A sound bite is an audiolinguistic and social communications phenomenon whose nature become realized in the late 20th century, helped by people such as Marshall McLuhan. It is characterized by a short, meme-like phrase or sentence that deftly captures the essence of what the speaker is trying to say. Such key moments in dialogue (or monologue) stand out better in the audience's memory and thus become the "taste" that best represents the entire "meal" of the larger message or conversation. Sound bites are a natural consequence of people placing ever greater emphasis on summarizing ever-increasing amounts of information in their lives.
News media in particular cherish sound bites. Reporters agree that the best news footage contains at least one sound bite. Politicians in turn have learned (along with their speechwriters) to put greater effort into delivering the perfect sound bite. Originality is not necessary but highly valued. Sound bites are useful to help guide footage editors focus on parts of dialogue that help advance the overall message.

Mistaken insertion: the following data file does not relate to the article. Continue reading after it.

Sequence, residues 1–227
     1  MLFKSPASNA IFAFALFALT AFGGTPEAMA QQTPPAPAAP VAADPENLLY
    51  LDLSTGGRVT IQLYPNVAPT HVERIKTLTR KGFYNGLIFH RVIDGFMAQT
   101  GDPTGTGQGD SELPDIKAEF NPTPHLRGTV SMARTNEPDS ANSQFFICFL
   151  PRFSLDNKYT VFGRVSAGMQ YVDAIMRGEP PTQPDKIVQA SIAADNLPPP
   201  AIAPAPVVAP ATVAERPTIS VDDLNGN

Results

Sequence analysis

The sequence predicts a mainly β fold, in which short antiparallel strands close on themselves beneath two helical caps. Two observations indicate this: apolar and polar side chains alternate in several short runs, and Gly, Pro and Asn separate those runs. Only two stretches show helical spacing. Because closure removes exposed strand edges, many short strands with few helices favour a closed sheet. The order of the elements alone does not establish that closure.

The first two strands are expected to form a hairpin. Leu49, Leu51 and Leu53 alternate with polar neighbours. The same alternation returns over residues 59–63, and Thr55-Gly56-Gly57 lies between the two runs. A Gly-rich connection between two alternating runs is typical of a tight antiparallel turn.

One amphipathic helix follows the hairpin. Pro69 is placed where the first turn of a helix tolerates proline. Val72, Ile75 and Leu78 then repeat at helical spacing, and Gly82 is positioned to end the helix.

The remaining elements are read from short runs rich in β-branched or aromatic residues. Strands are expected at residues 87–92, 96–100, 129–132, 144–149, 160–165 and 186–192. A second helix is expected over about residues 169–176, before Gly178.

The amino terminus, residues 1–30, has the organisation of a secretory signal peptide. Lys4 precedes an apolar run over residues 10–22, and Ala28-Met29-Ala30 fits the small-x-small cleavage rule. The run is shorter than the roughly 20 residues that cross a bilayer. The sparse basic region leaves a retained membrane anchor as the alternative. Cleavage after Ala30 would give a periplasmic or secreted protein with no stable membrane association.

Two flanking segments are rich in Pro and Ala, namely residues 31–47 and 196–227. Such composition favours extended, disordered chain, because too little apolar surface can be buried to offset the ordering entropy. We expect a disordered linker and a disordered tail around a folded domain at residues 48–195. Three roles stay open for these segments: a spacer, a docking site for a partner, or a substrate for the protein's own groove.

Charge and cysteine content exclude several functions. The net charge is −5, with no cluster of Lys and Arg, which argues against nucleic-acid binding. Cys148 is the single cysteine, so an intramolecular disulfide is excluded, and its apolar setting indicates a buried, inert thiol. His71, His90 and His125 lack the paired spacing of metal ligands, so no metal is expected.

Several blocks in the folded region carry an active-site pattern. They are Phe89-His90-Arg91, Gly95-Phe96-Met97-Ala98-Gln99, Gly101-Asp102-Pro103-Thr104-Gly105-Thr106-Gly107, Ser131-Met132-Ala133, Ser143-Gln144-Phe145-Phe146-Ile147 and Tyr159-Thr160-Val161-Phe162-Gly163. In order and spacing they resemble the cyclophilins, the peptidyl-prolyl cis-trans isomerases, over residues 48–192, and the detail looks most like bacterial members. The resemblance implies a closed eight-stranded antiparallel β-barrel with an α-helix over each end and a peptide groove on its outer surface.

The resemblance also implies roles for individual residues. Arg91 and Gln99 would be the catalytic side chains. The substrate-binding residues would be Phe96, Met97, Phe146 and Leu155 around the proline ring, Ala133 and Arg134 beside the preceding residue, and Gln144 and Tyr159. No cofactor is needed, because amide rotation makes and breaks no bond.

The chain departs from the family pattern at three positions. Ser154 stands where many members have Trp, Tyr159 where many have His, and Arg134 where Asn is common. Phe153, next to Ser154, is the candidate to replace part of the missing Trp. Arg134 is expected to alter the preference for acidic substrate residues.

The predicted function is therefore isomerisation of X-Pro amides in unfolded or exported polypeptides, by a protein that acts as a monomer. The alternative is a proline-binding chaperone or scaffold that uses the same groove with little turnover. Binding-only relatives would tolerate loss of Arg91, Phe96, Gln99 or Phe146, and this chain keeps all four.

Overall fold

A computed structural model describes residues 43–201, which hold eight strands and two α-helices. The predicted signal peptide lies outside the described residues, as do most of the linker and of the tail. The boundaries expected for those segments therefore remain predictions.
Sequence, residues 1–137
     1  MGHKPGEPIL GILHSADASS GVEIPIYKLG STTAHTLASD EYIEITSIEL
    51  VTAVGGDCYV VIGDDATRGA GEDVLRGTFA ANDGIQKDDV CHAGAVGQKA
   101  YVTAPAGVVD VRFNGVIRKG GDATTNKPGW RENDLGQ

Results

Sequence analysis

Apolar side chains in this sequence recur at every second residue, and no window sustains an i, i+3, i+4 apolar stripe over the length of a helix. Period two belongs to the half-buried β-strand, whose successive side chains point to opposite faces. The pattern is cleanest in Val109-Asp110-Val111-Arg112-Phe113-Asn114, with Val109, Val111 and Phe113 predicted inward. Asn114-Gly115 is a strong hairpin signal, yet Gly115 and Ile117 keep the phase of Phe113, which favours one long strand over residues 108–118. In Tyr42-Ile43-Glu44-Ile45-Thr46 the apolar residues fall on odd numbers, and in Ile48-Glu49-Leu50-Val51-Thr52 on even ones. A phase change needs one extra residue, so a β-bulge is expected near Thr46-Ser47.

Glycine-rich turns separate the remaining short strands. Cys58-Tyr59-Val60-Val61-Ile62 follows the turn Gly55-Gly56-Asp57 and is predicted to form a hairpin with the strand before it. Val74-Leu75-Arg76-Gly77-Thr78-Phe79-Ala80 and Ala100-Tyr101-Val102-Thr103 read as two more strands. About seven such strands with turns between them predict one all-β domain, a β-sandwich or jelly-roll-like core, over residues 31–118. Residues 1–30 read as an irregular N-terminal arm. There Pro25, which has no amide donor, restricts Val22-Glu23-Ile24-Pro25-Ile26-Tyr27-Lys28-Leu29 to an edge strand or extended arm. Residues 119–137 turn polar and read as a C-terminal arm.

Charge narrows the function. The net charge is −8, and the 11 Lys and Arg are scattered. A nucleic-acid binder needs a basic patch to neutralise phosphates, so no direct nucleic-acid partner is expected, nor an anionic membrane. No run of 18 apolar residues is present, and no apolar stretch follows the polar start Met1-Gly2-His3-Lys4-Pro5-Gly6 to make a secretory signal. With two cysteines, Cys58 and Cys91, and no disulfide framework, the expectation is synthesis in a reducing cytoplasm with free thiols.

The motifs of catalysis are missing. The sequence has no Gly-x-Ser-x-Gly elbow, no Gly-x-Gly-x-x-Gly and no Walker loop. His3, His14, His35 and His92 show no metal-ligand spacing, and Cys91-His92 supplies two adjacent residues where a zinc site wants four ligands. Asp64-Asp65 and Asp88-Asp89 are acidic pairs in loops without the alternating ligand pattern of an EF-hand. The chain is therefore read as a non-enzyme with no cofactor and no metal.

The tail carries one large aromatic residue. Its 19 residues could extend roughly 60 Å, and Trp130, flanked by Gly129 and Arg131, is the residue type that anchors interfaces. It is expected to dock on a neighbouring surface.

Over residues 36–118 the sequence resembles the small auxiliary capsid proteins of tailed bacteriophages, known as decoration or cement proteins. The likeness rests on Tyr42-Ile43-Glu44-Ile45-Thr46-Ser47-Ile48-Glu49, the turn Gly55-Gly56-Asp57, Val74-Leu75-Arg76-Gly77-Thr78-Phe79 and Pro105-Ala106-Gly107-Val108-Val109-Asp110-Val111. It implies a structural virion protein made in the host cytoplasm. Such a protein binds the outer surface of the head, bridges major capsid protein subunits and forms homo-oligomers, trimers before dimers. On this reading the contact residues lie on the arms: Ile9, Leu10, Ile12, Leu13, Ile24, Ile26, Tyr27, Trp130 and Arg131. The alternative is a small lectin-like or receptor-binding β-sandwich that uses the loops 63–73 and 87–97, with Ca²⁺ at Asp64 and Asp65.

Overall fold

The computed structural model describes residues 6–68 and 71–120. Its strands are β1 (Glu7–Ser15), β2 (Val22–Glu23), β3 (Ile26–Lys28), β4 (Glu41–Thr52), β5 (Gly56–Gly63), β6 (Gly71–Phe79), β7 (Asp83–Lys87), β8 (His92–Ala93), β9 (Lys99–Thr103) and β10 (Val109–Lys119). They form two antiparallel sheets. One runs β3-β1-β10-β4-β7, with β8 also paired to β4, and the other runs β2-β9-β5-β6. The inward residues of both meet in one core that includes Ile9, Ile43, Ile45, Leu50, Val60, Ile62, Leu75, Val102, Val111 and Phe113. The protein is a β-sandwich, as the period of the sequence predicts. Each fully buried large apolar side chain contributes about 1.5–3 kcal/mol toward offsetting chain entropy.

Not everyone enjoys hearing sound bites. They tend to sound best when delivered unplanned, and the reverse is often true -- the planned sound bite can easily ring forced and cast doubt as to the speaker's integrity.
Classic examples of sound bites include Ronald Reagan's demand that "Mr. Gorbachev, this wall must come down!" in reference to the increasing social pressure to remove the Berlin Wall. In this context, the well delivered sound bite serves as a cultural icon that others are likely to know about. Another memorable one is "Houston, Tranquility Base here. The Eagle has landed." In one succint phrase, the entire Apollo Moon program was culminated and everything the US had worked so hard for was suddenly made real. The quality of the best sound bite is that "the message hits home".